David Papineau has put online his paper "Phenomenal and Perceptual Concepts", forthcoming next year in the Alter/Walter collection Phenomenal Concepts and Phenomenal Knowledge: New Essays on Consciousness and Physicalism. In the paper he extends and elaborates the "quotational concepts" view he put forward in his 2002 book Thinking about Consciousness, and uses it to answer various anti-materialist challenges. In the last section of the paper, he tries to use the account to answer the challenge I put forward in "Phenomenal Concepts and the Explanatory Gap", posted here earlier this year, and forthcoming in the same volume.
In that paper, I argued that accounts of phenomenal concepts that attempt to explain away the explanatory gap face a dilemma: either there is an epistemic gap between P (physical processes) and C (the relevant features of phenomenal concepts), or there's not. If the former, then the relevant features of phenomenal concepts can't be physically explained. If the latter, then there's an epistemic gap between C and E (the epistemic feature we face with regard to consciousness), so that C can't be used to explain our epistemic situation. In his paper, Papineau claims to embrace both horns (!) of the dilemma. A response (adapted from recent correspondence with Papineau) is after the fold.
Although Papineau says he takes both horns of the dilemma, I think it's clear that he really takes the second horn. His embracing of the first horn requires that C employs the concept "phenomenal concept", but this is explicitly excluded (in my section on the first horn), as employing that concept would trivially yield an epistemic gap between P and C. Rather, C should be cast in more general architectural terms. It's not stipulated that it has to be a physical/functional account: it may make reference to various general conceptual and epistemic features, as long as it doesn't explicitly employ the notion of the phenomenal.
Some of Papineau's discussion of the second horn is somewhat tangential. E.g. he appeals to the metaphysical impossibility of zombies, but this isn't relevant here, since all occurrences of zombies in the argument are within the scope of a conceivability operator, and Papineau accepts that metaphysical impossibility is compatible with conceivability. To take the second horn successfully, he needs to make the case that P&~E is not conceivable, where E is cast in general epistemic terms, and he doesn't quite try to do that here.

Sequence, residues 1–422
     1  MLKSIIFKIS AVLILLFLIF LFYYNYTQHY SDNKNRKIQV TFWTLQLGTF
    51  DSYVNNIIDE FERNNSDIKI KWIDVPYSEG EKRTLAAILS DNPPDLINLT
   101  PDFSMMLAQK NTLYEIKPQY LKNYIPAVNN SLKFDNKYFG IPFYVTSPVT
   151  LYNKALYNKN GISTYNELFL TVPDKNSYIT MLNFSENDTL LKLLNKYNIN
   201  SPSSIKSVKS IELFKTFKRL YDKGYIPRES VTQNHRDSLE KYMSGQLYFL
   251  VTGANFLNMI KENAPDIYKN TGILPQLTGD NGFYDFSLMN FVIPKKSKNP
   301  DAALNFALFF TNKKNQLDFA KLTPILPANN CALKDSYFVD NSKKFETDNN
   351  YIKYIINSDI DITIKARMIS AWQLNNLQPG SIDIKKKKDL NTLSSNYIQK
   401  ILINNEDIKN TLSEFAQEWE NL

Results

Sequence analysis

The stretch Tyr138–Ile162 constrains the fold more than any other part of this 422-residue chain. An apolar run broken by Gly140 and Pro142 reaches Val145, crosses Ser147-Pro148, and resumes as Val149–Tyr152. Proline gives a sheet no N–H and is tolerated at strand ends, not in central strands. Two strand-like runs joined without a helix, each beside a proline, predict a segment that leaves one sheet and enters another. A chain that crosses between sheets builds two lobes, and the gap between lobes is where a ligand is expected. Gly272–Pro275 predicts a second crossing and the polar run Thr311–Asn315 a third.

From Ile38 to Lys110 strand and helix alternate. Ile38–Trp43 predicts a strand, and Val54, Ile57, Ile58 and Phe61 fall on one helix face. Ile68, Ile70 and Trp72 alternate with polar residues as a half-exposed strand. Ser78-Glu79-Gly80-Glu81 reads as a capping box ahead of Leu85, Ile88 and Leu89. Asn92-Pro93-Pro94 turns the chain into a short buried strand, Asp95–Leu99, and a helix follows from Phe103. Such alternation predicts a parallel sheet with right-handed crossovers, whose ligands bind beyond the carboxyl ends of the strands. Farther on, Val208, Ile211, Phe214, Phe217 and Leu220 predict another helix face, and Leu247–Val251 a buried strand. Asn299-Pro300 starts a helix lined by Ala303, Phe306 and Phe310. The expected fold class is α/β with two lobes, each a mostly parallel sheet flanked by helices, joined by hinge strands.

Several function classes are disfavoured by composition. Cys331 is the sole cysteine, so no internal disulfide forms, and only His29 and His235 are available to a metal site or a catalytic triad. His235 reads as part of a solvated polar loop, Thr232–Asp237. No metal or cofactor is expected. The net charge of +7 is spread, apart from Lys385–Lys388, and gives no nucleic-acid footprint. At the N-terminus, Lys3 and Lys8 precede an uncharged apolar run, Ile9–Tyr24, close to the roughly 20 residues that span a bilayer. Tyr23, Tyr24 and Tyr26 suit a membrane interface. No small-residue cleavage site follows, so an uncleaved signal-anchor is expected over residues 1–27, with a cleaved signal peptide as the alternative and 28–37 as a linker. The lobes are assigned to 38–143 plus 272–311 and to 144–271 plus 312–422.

It looks like Papineau thinks that upon examination, any conceivable zombie will share the relevant epistemic features with us, though directed at "schmonsciousness" rather than consciousness. Again, I discuss this move in the paper (under option 3), and it's not really clear to me what his reply is to the discussion there (though I think he takes what I call the "inflationary" option). I presume that he'd say that there's some sort of transparent explanation of the zombie's (and our) epistemic features in physical and functional terms, so that we can't really conceive of zombies that lack them. But he doesn't really explain how this would go, or explain away the intuition to the contrary. Perhaps he might take the option of conceding conceivability while rejecting the link between conceivability and transparent explanation, but even so the same sort of issue arises.
To put things independently of conceivability: what's required is a clear architectural explanation of just why we should expect that the quotational (or use/mention) structure he invokes should ground direct, semantically stable reference to the quoted state (whether in conscious beings, silicon zombies, or whatever), without presupposing that the state is conscious, or simply assuming some sort of special acquaintance with that state, or anything like that. Prima facie, as I say in the last section of the paper, all one would expect this structure to yield is some sort of quasi-indexical or demonstrative reference that does not ground any substantive knowledge of the state. Certainly, one wouldn't expect semantically stable reference to such a state, any more than one would expect it for indexicals or demonstratives. Papineau needs to meet this burden both to address my argument and for his explanatory project to go through more generally. Of course I think that the burden can't be met, for the reasons I give in the paper. But it would be interesting to see an attempt.